But you do admit that you belong to a heterodox Church, right?
No, I didn't said that. You said that, even though it isn't true.
So my "sin" of not believing that the current pope is the Anti-Christ and your sin of belonging to a heterodox Church, negates us both being able to claim we are faithful, confessional Lutherans.
That's just malarky. Your sin of disavowing your subscription to the Lutheran Confessions stands by itself. It is not negated by anything else.
I consider liturgy to be just as important to my choice of church/Church as doctrine
This is where your confusion exist about liturgy. In his article, "Grabau and the Saxon Pastors: The Doctrine of the Holy Ministry, 1840-1845" (Concordia Historical Institute Quarterly, 62, 1995, p. 93), Rev. William Cwirla stated the distinction:
"We might summarize the liturgical distinction between the parties in this way: Grabau worked in the direction lex orandi lex credendi (what is prayed is confessed); the Saxons worked it the other way, lex credendi lex orandi (what is confessed is prayed)."
I remember talking to my priest about Luther. I explained he was once a monk but then he married. My priest's first comment was, "You mean he broke his vows?" And he seemed quite saddened by that. I would think breaking one's vows for the sake of conscience would be something a Lutheran could support? (Even if one doesn't agree with the ultimate decison.)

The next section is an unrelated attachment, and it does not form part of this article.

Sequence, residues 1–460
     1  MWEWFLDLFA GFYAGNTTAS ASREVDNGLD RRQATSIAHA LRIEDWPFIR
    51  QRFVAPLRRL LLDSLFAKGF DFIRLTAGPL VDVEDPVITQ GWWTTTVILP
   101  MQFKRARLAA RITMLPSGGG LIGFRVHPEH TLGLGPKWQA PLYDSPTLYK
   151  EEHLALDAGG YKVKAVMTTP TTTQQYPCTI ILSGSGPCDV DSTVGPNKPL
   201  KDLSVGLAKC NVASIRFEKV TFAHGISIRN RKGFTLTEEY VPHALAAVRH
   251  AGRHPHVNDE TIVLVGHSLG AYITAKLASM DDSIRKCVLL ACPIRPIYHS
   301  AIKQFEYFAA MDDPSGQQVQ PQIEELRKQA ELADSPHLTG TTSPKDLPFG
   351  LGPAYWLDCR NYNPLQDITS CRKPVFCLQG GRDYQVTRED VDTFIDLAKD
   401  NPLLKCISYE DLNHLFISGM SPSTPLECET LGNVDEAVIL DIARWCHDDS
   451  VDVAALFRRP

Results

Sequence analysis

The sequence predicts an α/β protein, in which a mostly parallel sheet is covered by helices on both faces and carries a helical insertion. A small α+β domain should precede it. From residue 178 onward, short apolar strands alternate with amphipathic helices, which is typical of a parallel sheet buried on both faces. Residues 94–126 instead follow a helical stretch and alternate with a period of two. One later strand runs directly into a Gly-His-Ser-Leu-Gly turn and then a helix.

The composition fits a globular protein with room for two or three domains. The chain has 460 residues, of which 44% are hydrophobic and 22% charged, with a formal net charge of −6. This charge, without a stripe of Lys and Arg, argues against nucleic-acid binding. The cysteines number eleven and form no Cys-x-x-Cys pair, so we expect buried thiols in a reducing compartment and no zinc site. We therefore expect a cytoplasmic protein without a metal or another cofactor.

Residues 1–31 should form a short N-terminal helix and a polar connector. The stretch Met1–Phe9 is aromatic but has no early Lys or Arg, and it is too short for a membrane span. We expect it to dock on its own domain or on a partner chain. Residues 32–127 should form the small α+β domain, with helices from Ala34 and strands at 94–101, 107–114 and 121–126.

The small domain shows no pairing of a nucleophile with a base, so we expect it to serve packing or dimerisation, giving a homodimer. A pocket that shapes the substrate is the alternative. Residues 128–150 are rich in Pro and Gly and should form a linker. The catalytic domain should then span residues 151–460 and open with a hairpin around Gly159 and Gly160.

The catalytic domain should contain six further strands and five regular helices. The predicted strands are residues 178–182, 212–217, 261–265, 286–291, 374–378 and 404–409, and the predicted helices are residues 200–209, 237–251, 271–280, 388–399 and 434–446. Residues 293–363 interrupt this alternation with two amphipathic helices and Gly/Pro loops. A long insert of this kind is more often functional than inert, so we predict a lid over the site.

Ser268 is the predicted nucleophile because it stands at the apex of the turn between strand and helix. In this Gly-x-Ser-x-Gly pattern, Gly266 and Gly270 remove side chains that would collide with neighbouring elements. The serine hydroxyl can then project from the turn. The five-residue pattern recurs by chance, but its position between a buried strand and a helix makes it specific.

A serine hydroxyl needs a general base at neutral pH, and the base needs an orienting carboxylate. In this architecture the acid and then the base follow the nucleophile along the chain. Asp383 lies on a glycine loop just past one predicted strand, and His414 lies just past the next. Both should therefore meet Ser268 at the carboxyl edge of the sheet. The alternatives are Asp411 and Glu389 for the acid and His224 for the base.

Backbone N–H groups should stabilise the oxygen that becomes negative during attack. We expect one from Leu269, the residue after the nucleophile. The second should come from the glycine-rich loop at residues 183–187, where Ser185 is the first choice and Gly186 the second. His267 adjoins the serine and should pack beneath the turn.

I was LCMS but now attend a Continuing Anglican parish (Anglican Province of America). I get a consistent, reverent liturgy; weekly communion; vestments; creed and benediction; recognition of the church calendar, etc. Why drive an hour to the nearest LCMS parish that practices anything close to the historic Lutheran liturgy when I can drive 4 miles to attend a Continuing Anglican church. The Continuing Anglican churches have problems as well, but for me they are not as deep as the divide within the LCMS. I've made my decision.
Unlike the Anglican Church of North America (ACNA), the Anglican Catholic church, Anglican Province of America and several other Continuing Anglican churches DO NOT accept woman clergy and are not part of the ACNA.
It's sad that you are even considering leaving the LCMS. But it's a reality for many faithful, traditional Lutherans. I wish you well.
Thank you for your comments, James.
In brief, here is my story: I grew up fundamentalist Baptist. In my twenties I attended a (Baptistic) non-denom. evangelical church. In my late twenties I became a liberal and joined the ELCA. I attended church maybe two or three times a year for the next 10-15 years.
I then married a Roman Catholic. Neither of us were big church goers at that time, but we chose to attend the local Episcopal church as a compromise where we both could take communion.